May is Food Allergy Awareness Month and several efforts are being made toward greater public awareness of food allergies. With this awareness however has led to questioning the difference between a food allergy and intolerance. Maybe you experienced some degree of a reaction – sneezing, wheezing, rashes, brain fog, joint pain, nausea, bloating, diarrhea, or another symptom. This may have led you to believe you have a food allergy — and maybe you do. But it may also just be an intolerance.
So how are you supposed to know which is which?
The key is to understand the differences between the symptoms, so that you can be better prepared to handle them. When you have an allergy, your reaction and symptoms are likely to be much more severe and sometimes life-threatening. While symptoms of allergy and intolerance appear similar, the clear difference is how they affect your body. An allergy is caused by your immune system and may affect multiple organs. A food intolerance symptom is typically an isolated digestive issue.
What does it mean to have a food intolerance? Similar to an allergy, it refers to an abnormal response to a food that is not an allergic reaction. Over 30% of Americans believe that they have an intolerance to one or more foods. These responses take place in the digestive system where a person is not able to properly breakdown a food. There are a few causes of this, including enzyme deficiencies, sensitivity to food additives, or reactions to naturally occurring chemicals in foods. Symptoms of an intolerance can vary but are generally digestive related:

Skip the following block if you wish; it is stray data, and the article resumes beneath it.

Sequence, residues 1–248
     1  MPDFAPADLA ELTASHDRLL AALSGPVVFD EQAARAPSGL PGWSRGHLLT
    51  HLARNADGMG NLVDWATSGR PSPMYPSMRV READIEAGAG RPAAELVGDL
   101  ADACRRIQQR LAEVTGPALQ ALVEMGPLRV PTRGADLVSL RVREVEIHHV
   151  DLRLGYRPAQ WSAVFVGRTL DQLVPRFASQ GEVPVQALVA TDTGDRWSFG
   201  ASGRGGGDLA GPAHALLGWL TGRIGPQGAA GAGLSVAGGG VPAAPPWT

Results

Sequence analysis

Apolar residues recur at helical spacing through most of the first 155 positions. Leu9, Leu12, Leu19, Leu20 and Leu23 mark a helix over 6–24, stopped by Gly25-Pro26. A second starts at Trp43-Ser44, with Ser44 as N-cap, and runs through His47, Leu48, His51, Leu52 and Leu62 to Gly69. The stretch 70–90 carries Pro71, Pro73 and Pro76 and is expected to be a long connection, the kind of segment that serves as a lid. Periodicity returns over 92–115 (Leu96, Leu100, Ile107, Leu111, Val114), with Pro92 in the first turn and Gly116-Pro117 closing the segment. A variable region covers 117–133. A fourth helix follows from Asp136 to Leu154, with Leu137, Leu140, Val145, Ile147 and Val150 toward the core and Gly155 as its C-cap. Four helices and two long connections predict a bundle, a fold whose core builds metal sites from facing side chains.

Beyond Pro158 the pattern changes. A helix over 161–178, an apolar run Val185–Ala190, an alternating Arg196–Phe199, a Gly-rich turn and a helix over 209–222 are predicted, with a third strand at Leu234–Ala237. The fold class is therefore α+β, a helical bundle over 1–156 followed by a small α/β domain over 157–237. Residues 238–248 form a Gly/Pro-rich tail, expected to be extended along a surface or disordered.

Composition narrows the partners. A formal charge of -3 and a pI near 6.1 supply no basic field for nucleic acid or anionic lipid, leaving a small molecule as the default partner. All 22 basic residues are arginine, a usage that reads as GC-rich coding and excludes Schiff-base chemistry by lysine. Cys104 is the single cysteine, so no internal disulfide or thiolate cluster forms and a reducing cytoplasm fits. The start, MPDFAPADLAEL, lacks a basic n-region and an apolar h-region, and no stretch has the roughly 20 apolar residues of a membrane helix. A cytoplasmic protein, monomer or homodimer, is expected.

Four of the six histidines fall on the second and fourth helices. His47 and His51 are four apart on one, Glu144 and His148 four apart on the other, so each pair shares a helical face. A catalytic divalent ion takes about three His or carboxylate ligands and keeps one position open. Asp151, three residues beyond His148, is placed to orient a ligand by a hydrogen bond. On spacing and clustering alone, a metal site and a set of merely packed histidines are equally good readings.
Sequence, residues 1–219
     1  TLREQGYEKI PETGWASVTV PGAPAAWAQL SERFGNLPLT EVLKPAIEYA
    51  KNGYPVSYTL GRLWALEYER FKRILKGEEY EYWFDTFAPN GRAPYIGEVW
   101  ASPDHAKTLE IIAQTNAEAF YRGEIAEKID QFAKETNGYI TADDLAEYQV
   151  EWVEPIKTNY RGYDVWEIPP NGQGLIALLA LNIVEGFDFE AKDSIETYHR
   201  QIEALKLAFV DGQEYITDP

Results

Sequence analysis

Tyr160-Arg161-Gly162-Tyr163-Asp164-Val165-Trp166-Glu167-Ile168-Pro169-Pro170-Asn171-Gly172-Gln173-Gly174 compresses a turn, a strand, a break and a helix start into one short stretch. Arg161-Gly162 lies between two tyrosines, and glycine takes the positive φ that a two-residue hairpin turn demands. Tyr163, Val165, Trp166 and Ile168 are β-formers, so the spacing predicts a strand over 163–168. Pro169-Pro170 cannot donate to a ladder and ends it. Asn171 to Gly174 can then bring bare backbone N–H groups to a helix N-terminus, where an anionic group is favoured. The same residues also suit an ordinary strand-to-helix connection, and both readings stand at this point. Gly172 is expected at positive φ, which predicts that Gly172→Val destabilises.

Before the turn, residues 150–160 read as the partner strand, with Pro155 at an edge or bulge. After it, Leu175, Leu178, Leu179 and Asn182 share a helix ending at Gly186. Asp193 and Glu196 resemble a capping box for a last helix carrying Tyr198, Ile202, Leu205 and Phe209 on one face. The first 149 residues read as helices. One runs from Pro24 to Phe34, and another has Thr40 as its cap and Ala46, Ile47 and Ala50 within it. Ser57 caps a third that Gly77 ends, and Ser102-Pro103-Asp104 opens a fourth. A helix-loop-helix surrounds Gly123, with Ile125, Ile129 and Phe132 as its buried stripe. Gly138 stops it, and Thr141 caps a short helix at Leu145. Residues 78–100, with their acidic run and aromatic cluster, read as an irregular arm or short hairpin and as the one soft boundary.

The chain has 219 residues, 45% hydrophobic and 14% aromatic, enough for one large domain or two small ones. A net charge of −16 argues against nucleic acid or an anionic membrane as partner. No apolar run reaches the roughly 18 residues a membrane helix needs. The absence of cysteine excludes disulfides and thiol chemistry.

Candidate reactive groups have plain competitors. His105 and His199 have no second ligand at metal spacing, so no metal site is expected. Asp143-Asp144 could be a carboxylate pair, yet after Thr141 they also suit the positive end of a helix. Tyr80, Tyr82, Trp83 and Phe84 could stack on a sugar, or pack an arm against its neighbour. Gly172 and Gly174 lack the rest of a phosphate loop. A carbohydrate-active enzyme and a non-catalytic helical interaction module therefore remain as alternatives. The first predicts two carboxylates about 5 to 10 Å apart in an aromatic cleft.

- Abdominal pain
Symptoms of an allergy can be mild – itching, redness, hives, or swelling – or they can be much more severe. Respiratory symptoms may include coughing, wheezing, throat tightness, and chest tightness. The most serious type of allergic reaction is called “anaphylaxis” and may involve cardiac systems. Without immediate treatment like an epinephrine injection and expert care, anaphylaxis can be fatal.
At present there is no cure for food allergies and one can only prevent the symptoms by avoiding the allergenic food. After identifying the food to which the patient is sensitive, it should be removed from their diet. Patients with food allergies should be instructed to read the list of ingredients on the label of prepared foods before eating to ensure the allergen is not listed.
Apart from this, patients should be prepared to treat an unintentional exposure. This can include measures such as wearing a medical alert bracelet or necklace, carrying an auto-injector device, and also carrying relevant medicines for controlling mild allergic symptoms.